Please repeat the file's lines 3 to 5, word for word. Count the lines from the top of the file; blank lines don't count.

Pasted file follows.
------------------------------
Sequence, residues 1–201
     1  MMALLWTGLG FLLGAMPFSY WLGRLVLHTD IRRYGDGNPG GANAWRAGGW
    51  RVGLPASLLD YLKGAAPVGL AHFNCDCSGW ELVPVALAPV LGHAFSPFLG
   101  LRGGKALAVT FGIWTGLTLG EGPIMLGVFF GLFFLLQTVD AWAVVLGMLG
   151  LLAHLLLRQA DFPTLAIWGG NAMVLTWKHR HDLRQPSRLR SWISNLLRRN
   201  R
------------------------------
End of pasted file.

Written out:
    51  RVGLPASLLD YLKGAAPVGL AHFNCDCSGW ELVPVALAPV LGHAFSPFLG
   101  LRGGKALAVT FGIWTGLTLG EGPIMLGVFF GLFFLLQTVD AWAVVLGMLG
   151  LLAHLLLRQA DFPTLAIWGG NAMVLTWKHR HDLRQPSRLR SWISNLLRRN